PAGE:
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A Critical Role of Mitochondria in BDNF-Associated Synaptic Plasticity After One-Week Vortioxetine Treatment.


ABSTRACT:

Background

Preclinical studies have indicated that antidepressant effect of vortioxetine involves increased synaptic plasticity and promotion of spine maturation. Mitochondria dysfunction may contribute to the pathophysiological basis of major depressive disorder. Taking into consideration that vortioxetine increases spine number and dendritic branching in hippocampus CA1 faster than fluoxetine, we hypothesize that new spines induced by vortioxetine can rapidly form functional synapses by mitochondrial support, accompanied by increased brain-derived neurotrophic factor signaling.

Methods

Rats were treated for 1 week with vortioxetine or fluoxetine at pharmacologically relevant doses. Number of synapses and mitochondria in hippocampus CA1 were quantified by electron microscopy. Brain-derived neurotrophic factor protein levels were visualized with immunohistochemistry. Gene and protein expression of synapse and mitochondria-related markers were investigated with real-time quantitative polymerase chain reaction and immunoblotting.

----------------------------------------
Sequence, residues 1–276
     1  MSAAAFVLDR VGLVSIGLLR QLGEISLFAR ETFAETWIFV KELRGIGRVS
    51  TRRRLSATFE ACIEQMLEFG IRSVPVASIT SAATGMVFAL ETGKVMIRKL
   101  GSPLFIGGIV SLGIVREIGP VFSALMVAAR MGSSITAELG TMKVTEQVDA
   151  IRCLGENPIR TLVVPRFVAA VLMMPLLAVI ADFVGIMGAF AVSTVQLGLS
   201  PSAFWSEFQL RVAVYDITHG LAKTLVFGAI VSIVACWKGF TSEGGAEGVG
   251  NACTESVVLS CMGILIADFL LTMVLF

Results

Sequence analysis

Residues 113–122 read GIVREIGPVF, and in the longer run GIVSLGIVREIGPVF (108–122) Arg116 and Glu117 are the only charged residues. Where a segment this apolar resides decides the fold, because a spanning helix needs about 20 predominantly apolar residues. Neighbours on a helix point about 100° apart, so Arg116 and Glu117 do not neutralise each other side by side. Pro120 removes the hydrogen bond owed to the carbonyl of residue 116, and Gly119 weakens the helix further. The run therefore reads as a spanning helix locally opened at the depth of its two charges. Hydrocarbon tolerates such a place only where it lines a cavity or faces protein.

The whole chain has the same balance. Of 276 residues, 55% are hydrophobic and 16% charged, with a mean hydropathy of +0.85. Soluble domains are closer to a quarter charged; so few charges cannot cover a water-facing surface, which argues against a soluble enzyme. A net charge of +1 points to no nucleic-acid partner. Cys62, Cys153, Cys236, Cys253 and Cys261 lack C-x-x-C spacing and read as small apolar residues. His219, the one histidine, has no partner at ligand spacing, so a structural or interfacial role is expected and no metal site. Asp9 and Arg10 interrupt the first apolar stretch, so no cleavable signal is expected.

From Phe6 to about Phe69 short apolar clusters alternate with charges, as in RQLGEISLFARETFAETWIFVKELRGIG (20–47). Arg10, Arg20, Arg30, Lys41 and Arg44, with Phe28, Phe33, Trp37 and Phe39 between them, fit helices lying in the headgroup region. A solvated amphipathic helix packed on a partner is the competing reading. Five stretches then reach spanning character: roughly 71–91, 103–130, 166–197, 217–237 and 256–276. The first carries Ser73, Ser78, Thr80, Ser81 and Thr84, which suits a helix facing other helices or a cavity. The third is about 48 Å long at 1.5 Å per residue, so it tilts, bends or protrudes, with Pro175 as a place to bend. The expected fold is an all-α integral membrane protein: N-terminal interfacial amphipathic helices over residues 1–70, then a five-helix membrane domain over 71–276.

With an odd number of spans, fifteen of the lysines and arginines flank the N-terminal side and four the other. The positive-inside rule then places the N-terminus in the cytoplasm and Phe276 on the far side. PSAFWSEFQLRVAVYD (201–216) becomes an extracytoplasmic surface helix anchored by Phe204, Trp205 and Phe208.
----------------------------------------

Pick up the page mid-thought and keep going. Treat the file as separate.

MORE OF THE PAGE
Results

Vortioxetine increased number of synapses and mitochondria significantly, whereas fluoxetine had no effect after 1-week dosing. BDNF levels in hippocampus DG and CA1 were significantly higher after vortioxetine treatment. Gene expression levels of Rac1 after vortioxetine treatment were significantly increased. There was a tendency towards increased gene expression levels of Drp1 and protein levels of Rac1. However, both gene and protein levels of c-Fos were significantly decreased. Furthermore, there was a significant positive correlation between BDNF levels and mitochondria and synapse numbers.

Conclusion

Our results imply that mitochondria play a critical role in synaptic plasticity accompanied by increased BDNF levels. Rapid changes in BDNF levels and synaptic/mitochondria plasticity of hippocampus following vortioxetine compared with fluoxetine may be ascribed to vortioxetine's modulation of serotonin receptors.

SUBMITTER: Chen F 

PROVIDER: S-EPMC6007239 | BioStudies | 2018-01-01

REPOSITORIES: biostudies

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